Samantha Joseph, Daily Business Review

Condo association boards hoping to cut legal fees by performing some everyday tasks in-house will need to reconsider after the Florida Supreme Court reaffirmed an earlier opinion that these duties constitute practicing law without a license.

Still reeling from the last housing crash that left some filing for bankruptcy to remain solvent while scrambling to collect dues amid a foreclosure crisis, associations got their latest piece of bad news when the Supreme Court this month maintained a position that requires attorney assistance for many condo association tasks.

The court approved a proposed advisory opinion from its Standing Committee on the Unlicensed Practice of Law on May 14 after the Florida Bar petitioned to reexamine the original opinion that dates back to 1996.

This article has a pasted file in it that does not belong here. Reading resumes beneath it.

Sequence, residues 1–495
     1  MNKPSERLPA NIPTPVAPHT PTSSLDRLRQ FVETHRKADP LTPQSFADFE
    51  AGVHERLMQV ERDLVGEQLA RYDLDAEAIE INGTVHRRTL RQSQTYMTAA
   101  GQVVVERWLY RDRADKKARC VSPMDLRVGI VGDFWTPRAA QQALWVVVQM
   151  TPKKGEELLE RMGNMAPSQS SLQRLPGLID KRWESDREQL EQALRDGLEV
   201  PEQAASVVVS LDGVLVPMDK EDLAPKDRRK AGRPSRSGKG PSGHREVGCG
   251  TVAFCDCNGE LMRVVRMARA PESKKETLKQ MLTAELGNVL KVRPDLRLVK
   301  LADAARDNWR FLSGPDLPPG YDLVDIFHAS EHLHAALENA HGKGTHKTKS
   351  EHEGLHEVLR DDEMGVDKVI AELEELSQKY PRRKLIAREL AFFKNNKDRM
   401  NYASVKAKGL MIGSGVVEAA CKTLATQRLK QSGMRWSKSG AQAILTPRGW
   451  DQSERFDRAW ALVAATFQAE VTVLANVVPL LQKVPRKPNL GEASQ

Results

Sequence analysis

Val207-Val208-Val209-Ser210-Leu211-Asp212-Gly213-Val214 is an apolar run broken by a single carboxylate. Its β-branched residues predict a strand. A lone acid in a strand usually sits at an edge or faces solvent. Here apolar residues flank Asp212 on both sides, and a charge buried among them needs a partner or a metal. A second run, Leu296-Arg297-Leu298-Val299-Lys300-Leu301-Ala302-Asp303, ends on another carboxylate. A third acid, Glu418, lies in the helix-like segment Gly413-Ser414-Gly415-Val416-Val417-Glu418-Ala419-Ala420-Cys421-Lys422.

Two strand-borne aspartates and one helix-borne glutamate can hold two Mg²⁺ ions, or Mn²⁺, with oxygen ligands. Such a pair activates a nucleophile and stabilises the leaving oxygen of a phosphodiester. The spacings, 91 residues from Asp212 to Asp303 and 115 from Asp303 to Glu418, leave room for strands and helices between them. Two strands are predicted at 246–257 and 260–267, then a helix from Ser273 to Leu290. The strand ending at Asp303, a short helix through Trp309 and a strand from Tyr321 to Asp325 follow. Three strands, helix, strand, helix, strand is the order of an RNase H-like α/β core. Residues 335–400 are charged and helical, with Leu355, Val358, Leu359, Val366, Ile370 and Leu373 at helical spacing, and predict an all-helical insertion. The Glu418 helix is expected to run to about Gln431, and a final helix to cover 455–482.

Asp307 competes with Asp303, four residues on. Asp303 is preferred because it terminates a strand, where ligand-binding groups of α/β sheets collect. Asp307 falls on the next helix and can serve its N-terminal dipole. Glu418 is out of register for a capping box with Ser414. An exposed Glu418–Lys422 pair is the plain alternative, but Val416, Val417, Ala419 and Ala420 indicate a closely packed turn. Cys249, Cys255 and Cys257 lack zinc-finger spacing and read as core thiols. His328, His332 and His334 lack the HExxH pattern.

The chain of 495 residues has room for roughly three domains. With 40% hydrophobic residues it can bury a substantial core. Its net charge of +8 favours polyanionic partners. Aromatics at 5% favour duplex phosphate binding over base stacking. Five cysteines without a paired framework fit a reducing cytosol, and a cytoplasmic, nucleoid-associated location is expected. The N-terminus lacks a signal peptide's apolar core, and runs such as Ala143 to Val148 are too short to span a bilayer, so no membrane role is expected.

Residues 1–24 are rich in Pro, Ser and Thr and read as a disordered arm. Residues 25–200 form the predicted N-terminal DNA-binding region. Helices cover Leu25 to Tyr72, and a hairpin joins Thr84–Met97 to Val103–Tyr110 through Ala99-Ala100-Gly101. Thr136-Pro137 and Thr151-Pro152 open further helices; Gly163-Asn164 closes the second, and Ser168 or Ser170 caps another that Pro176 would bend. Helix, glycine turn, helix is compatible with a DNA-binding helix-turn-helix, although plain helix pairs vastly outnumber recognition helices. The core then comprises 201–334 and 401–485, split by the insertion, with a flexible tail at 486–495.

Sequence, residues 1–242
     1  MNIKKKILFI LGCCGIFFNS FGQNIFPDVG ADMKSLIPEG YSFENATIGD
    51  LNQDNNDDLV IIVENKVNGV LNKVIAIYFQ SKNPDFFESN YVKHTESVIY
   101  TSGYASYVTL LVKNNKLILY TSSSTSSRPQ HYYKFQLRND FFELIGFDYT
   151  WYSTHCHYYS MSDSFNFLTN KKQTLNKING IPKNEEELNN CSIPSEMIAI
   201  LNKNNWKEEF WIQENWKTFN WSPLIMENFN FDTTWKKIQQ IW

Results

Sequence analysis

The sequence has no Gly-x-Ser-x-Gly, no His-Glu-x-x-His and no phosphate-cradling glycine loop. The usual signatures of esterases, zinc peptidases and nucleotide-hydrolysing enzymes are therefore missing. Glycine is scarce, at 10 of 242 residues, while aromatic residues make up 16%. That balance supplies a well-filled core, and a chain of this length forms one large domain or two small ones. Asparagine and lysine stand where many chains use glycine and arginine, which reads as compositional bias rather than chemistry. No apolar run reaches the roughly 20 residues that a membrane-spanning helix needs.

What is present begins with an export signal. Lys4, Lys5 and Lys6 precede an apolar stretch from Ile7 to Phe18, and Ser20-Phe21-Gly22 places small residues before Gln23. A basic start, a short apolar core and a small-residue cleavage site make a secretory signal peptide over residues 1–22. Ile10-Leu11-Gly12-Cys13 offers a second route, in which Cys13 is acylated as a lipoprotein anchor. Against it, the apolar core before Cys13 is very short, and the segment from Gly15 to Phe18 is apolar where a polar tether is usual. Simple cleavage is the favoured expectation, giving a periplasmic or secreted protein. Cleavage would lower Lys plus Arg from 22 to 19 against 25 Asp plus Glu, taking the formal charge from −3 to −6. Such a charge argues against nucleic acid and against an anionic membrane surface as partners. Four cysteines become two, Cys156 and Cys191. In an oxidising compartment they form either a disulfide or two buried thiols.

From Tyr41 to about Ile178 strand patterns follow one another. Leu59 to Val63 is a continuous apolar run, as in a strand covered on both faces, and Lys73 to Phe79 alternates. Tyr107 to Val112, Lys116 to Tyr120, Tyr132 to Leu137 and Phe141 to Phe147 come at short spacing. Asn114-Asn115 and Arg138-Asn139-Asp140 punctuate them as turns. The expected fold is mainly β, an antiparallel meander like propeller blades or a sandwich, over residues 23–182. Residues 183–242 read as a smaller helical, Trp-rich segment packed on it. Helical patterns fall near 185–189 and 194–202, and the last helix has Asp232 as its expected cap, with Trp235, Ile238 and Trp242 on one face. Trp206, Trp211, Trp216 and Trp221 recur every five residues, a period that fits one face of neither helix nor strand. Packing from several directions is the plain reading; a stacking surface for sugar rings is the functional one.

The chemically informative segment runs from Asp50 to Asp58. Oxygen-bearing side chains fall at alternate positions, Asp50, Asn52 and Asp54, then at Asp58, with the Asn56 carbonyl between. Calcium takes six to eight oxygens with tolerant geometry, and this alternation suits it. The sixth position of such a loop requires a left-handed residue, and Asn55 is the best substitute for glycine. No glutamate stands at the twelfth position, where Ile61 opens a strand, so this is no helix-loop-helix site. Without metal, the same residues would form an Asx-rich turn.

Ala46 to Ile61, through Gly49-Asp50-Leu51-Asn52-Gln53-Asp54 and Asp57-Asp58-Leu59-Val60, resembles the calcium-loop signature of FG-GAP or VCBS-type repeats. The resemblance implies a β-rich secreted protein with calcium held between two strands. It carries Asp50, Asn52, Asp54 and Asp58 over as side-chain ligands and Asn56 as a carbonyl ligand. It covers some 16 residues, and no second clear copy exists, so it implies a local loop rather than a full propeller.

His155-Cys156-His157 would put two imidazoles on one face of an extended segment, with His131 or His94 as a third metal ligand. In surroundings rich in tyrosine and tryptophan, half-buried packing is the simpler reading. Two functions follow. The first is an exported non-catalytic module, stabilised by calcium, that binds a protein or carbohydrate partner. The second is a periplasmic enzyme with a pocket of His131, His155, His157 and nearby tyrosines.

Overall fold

The Bar’s petition asked for confirmation that about 20 tasks require the services of qualified attorneys, and therefore bar community association managers and other non-lawyers from performing them.

The list includes several responsibilities, such as drafting liens or documents showing satisfaction of lien claims, preparing construction commencement notices and determining the timing, method and form for giving meeting notices.

“CAMs can perform ministerial tasks,” Haber Slade partner David Haber said in response to the Supreme Court’s findings. “If it goes beyond that and requires analysis and legal interpretation, they need to consult with association counsel.”

‘Once You See Gray’